ProductPlan has conducted research and surveys with product people for the past seven years. As a result, product managers have shared topics such as their challenges, product planning, work strategies, salaries, etc., in the workplace.
For their 2022 report on the state of product management, ProductPlan has asked over 2,000 product people (product managers, senior product managers, directors of product, product owners, etc.) worldwide to talk about how it is to be working in product teams today. The survey ran through the month of October 2021 via their newsletters, shared via email, and several product management communities.
The role of product managers has evolved significantly. Their primary focus is not roadmapping anymore. The report reflects insights on how product management has changed, the work product managers do daily, and their impact on the organisations they work in.
Alignment among the organisation
One of the most challenging parts of being a product manager is influencing their team while being on the same hierarchy level as their peers. Product managers must build alignment with their team. They use communication and influence to do so. Alignment makes sure everyone is going in the same direction and is on the same page.
How do product managers communicate product information?
The report shows that 62% of product managers have a more proactive approach in practice. They host meetings, and present live information in order to communicate product information with their peers. Hosting 1-on-1 conversations came in second with only 14%.
However, when it comes to preference, 45% say they would host meetings, and present information live. In addition, 35% of product managers prefer a self-service approach and would rather refer their peers to the roadmap.
Product managers have a lack of trust in stakeholders to read their roadmaps
Roadmaps tell team members the direction of the product, the time it will take to achieve the targets, and the problems it tackles. Unfortunately, 64% of product managers don’t feel confident about their internal stakeholders reading their roadmaps and keeping themselves informed. They don’t feel like the stakeholders engage well enough with the roadmap. There’s clearly room for improvement regarding communication in the organisations. For example, 39% of product managers say they feel average about aligning with the rest of their organization.
Autonomy in a product team is vital
Autonomy in a team has numerous benefits. First, it’s empowering and motivating. More than half of the product managers (55%) feel like their team is autonomous, while 37% think they’re not. The remaining 8% don’t know. On average, product teams in smaller companies feel they have greater autonomy than those in bigger companies.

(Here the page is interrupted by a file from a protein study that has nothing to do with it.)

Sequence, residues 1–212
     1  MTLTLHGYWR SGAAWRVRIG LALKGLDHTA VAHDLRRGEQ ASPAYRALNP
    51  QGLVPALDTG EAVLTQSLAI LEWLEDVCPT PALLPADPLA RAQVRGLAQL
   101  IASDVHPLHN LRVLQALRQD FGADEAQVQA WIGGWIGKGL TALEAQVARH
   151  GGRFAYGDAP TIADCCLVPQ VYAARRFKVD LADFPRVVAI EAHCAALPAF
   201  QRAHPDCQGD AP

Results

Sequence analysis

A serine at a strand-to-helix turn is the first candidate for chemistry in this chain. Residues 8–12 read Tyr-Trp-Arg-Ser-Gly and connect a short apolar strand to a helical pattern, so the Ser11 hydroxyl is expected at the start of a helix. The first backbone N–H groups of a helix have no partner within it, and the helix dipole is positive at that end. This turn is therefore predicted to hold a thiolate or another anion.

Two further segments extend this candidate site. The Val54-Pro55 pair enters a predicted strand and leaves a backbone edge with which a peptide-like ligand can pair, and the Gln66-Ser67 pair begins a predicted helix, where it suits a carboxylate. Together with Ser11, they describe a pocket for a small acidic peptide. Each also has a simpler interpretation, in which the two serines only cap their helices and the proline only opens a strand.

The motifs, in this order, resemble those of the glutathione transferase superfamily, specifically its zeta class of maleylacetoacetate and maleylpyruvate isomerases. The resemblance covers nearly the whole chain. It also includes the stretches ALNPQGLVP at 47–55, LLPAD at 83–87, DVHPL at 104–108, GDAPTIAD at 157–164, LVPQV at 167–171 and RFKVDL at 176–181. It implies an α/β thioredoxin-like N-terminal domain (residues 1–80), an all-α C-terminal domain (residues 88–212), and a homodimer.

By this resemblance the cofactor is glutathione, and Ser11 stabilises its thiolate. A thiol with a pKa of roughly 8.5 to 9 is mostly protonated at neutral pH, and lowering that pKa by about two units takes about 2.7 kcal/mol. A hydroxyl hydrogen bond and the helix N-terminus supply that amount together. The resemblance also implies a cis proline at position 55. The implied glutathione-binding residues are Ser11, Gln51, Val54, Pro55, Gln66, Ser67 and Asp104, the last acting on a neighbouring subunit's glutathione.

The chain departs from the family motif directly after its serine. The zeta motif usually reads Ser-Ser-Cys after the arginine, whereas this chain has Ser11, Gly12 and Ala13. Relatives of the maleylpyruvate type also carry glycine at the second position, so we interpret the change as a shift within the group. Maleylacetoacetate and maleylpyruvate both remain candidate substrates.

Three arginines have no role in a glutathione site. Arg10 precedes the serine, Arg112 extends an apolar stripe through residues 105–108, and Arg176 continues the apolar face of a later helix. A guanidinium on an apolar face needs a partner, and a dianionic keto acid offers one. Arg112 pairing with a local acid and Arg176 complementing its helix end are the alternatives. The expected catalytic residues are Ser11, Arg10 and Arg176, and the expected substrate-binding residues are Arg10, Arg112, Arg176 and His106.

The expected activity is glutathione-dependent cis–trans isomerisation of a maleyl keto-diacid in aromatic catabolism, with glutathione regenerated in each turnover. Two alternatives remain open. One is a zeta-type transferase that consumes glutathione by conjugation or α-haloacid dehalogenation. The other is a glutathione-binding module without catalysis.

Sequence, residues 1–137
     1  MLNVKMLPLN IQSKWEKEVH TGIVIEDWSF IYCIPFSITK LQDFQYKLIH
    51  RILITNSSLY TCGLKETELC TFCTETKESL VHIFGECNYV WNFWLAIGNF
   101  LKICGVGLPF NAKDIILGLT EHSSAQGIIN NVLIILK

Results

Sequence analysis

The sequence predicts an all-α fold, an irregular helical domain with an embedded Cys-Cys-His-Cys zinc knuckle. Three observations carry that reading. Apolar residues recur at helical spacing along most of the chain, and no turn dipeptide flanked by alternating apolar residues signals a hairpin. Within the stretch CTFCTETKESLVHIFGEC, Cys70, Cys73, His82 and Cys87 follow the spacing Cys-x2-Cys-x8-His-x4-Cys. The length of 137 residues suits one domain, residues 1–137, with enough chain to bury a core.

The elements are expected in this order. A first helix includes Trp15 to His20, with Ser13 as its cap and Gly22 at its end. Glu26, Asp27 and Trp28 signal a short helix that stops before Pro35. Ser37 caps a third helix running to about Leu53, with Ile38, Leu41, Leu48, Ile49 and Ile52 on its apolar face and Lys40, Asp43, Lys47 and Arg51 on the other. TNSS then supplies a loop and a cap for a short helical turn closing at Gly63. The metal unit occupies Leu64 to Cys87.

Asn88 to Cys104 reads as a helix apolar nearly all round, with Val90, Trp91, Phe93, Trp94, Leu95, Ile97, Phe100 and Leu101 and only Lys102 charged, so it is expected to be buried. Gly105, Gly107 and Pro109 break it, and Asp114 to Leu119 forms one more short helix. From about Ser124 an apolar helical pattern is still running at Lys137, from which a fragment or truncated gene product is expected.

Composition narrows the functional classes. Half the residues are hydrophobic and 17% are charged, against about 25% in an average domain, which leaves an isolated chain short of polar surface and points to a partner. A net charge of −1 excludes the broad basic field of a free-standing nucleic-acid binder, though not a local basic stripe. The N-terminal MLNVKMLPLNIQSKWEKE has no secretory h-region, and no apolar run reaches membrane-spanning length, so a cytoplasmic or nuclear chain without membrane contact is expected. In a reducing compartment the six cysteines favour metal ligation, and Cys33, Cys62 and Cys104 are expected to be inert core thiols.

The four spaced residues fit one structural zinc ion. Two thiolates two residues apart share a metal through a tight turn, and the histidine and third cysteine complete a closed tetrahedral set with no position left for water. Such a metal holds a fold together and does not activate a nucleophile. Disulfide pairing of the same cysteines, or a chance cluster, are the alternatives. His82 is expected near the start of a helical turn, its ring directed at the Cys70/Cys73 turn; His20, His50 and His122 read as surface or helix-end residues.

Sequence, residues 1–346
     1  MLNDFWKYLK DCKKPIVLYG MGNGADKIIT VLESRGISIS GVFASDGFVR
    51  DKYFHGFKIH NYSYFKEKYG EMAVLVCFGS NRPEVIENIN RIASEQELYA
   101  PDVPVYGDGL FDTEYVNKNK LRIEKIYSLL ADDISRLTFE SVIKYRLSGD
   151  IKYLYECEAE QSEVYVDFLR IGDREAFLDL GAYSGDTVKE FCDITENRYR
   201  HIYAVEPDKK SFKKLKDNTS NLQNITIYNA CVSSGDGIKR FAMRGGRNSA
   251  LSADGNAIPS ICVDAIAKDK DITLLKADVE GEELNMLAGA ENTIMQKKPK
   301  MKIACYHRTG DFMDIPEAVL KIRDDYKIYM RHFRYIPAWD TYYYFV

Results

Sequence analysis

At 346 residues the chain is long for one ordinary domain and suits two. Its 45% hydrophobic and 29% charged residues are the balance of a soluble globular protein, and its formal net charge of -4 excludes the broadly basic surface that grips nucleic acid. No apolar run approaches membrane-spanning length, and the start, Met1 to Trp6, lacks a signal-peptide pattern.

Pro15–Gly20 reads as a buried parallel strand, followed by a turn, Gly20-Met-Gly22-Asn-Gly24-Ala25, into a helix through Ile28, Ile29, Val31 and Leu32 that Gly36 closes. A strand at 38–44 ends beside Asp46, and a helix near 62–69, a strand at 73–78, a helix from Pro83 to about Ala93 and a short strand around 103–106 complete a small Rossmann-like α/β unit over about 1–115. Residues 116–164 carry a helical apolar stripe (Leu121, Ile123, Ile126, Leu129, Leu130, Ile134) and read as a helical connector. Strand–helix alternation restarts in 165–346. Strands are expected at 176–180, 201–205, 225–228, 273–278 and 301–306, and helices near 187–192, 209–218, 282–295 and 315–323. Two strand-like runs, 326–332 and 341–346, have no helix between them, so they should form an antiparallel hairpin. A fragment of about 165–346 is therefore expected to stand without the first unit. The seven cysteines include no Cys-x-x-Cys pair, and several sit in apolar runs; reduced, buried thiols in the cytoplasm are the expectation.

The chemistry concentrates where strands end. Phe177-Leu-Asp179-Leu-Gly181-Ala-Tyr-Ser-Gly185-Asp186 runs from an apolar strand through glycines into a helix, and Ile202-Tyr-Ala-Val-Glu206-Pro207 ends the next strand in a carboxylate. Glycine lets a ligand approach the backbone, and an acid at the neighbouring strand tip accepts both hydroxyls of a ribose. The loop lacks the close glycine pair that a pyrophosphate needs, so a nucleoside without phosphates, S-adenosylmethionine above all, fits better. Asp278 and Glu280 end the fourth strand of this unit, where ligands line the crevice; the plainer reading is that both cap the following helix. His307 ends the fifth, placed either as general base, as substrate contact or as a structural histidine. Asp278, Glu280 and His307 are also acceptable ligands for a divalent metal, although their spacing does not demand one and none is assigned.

Autonomy is affected by the alignment in a product team
The report suggests that alignment affects the autonomy in an organisation. An aligned team, that is on the same page and understands the goals and challenges in their team, will feel more autonomous in guiding their own decisions.
The impact of autonomy on development priorities
A lack of autonomy in a product team might be a factor of chaos on development priorities. Whilst most teams shift their development priorities every month (37%), or three months (37%), some teams struggle a bit more. The survey shows that product managers who don’t feel like their team is autonomous are more likely to shift their development priorities on a weekly basis (18%). It’s an indication of a product team that’s doing more reactive than proactive work.
The impact of autonomy on stakeholder engagement
Autonomy also impacts stakeholder engagement and is a sign of a healthy team. For example, product managers who feel like their team read their roadmap often are more likely to have developed autonomy in their team than those who feel like they read rarely.
The go-to-market strategy today
Product managers have the role of choosing what product to build and develop next. ProductPlan searched to find what happens after a product is built and what role a product team plays in bringing their product to market that is the go-to-market.
One factor showing the influence of a product team on a go-to-market strategy is the decision of the launch date of a product. The study shows that half of the product managers (50%) state that the product team decides when a product is announced or launched, followed by the executive leadership (31%) and the marketing and sales team (12%).
Who’s in charge of product education?
The customer-facing teams have a vital role in communicating the value of a product and are at the core of having a successful product. It appears that product teams are half of the time (56%) the ones educating the rest of the organisation on new products and features.
Who’s in charge of product messaging?